Alcohol queues and relief queues

The news that liquor stores were reopened on Friday (17) came as a surprise to both those who consume alcohol and those who do not. The response from both parties, however, was unsurprising – some were very disapproving of it, while some celebrated it.

However, what grabbed the attention of media institutions and prominent figures was not really the reason why the authorities arrived at such a decision, but rather the influx of people who gathered near the few liquor stores that were opened immediately after the announcement about the decision was made. They all began articulating their own interpretations of the situation, adding fuel to the fire without an effort to understand or acknowledge what was actually the case.

Though the congestion near liquor stores was indeed a risk as far as the national health situation is concerned, the people’s reaction was not surprising, considering alcohol is a highly sought-after consumer good that was not officially available to consumers for four weeks. This congestion was simply due to the pent-up demand and once supply is restored, the demand would subside to its usual state, as seen on Saturday (18) when there were barely any queues outside liquor stores.

Apart from the health risks, another angle of criticism was that people were spending money on alcohol that could have been better spent towards the basic needs of their families. One prominent politician who seemed to believe the same said that people were demanding the Government provide them a Rs. 2,000 allowance to survive during the travel restrictions before flocking to liquor stores in what he called were queues that extended 1.5 km.

The issue with this line of thought becomes apparent upon a closer look at the queues that gathered outside liquor stores: They comprised almost entirely of men, unlike the queues to receive the Rs. 2,000 allowance provided by the Government last month . This is the symptom of a disease we all know exists, but barely acknowledge – in most cases, women are left to manage the family expenses, while men tend to make economic decisions of their own accord, at their families’ expense. In such cases, would it be fair to penalise an entire family for a poor purchase decision made by one of its members? Let’s not forget, the line “everyone makes mistakes” was even touted by a particular minister with regard to one of his colleagues’ recent antics.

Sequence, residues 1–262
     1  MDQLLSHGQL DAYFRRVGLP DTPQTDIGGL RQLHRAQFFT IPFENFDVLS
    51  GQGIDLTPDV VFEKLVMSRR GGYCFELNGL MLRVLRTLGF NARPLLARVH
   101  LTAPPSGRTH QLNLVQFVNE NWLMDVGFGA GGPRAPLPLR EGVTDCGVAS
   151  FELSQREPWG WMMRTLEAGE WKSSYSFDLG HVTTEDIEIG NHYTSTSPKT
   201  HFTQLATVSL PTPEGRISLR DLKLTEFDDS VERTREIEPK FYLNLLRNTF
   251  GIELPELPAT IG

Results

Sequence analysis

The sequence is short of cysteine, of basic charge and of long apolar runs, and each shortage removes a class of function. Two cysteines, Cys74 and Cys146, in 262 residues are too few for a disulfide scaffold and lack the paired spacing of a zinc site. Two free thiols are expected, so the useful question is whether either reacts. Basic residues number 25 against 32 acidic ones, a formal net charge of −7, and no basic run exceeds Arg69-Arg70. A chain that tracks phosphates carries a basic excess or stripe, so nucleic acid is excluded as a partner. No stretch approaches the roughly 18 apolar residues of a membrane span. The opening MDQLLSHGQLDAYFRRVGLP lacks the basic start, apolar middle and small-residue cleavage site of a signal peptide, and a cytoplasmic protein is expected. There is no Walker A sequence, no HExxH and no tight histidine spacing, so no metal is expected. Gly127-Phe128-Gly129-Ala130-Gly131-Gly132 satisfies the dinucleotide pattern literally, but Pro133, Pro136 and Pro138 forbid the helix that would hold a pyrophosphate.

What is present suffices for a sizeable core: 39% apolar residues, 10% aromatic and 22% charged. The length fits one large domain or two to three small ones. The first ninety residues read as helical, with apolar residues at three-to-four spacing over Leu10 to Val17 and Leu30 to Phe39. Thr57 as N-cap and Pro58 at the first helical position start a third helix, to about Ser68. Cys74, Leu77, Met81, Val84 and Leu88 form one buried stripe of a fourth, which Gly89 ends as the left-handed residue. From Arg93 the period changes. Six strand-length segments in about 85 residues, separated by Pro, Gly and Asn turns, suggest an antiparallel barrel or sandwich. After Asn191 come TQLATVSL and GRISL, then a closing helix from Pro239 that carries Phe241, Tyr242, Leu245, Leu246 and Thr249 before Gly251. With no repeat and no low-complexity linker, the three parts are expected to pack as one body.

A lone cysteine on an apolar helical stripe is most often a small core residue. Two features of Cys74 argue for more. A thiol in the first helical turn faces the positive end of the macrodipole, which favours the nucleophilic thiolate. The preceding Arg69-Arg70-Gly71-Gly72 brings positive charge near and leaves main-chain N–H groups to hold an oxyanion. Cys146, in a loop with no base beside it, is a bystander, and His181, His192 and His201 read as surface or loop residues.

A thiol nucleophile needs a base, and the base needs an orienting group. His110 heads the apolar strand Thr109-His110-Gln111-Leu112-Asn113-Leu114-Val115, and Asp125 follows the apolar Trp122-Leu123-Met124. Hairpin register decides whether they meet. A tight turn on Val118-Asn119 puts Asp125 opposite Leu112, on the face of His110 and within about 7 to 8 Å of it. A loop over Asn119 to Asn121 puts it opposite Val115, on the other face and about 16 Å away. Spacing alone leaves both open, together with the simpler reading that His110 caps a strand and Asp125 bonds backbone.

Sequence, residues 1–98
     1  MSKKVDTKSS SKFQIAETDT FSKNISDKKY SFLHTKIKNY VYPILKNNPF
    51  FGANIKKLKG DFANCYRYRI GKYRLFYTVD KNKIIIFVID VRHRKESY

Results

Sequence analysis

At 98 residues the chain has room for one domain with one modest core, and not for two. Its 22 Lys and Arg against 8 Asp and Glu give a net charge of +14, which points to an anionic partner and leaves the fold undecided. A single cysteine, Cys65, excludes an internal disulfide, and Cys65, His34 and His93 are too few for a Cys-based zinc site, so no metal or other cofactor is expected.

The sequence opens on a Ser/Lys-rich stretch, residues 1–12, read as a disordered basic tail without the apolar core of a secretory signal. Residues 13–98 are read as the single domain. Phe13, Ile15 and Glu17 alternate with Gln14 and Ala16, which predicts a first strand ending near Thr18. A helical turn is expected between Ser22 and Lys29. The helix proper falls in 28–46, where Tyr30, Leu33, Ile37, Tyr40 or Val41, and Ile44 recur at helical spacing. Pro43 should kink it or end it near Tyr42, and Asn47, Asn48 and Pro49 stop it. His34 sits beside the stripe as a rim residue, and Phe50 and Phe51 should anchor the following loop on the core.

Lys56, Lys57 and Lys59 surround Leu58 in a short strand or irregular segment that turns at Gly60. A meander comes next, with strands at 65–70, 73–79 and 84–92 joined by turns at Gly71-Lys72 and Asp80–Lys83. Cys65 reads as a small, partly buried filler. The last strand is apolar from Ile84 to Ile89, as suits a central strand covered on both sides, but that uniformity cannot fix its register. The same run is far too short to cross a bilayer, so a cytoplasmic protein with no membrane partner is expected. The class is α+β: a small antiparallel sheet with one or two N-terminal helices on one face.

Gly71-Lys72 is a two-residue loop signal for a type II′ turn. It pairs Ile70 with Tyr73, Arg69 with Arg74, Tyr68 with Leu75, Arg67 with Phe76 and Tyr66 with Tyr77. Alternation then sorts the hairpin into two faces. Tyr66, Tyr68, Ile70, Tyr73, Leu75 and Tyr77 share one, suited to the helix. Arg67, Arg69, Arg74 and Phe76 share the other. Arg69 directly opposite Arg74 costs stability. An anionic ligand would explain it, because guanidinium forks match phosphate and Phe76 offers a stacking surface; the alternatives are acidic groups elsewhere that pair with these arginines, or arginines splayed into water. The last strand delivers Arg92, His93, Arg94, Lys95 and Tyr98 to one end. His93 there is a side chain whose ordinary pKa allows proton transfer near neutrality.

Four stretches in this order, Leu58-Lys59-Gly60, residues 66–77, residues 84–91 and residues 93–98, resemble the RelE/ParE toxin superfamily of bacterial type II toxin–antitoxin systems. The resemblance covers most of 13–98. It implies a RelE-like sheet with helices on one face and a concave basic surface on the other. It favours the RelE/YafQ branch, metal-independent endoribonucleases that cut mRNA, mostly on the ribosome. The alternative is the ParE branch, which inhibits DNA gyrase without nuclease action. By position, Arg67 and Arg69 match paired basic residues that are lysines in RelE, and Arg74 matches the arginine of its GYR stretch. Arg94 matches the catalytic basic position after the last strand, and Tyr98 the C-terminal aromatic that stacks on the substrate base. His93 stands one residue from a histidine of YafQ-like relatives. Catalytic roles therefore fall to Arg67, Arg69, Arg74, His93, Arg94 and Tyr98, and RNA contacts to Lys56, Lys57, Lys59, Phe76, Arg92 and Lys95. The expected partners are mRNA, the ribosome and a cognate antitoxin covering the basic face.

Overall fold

Moreover, the rush to purchase liquor was fuelled by fears that liquor stores would be closed down again at short notice due to the inevitable opposition from the health sector and the anti-alcohol lobby, with people clamouring to stock up with more than they could consume. In fact, some people even saw a business opportunity in this uncertainty, with a chance to sell their stocks at a mark-up in case this happened.

Thus, it’s clear that what we saw was a result of pent-up demand due to the extended closure, and statistics support this claim. Data from different sources indicates that alcohol consumption among Sri Lankans is actually fluctuating, with no significant increase or decrease.

According to statistics issued by Sri Lanka-based organisation Alcohol and Drug Information Centre (ADIC), in 2017, 2018, and 2019, alcohol consumption among those between the ages of 15 and 24, and those above 40, had increased from 18.3% in 2017 to 28.1% in 2019, and from 33.1% in 2017 to 46.6% in 2019, respectively. However, those between 25 and 39 years of age showed completely different results – those in this group had increased alcohol consumption from 27.3% in 2017 to 37% in 2018. However, their consumption had plummeted to 25.3% in 2019.

According to the globally recognised statistics analyser of market and consumer data, Statista, per-capita alcohol consumption in Sri Lanka from 2005 to 2018 had fluctuated slightly. While alcohol consumption had increased from 2.6 litres per annum in 2005 to 4.3 litres per annum in 2016, it had declined to 4.1 litres per annum by 2018.

The bottom line is, even though various parties, especially politicians and religious leaders, try to interpret the state of alcohol consumption in the country on the basis of the crowds that were observed near liquor stores, that does not give us an accurate picture of the true ground-level situation. It is also a fallacy that people have sufficient disposable income and hence need no additional allowance or relief from the Government simply because the queues outside liquor stores on one day were lengthy. These assumptions by public figures do an injustice to the thousands of families which are suffering through these trying times and trying to stay afloat. Let’s not add insult to their injury by minimising their struggles based on what we saw on one rare evening.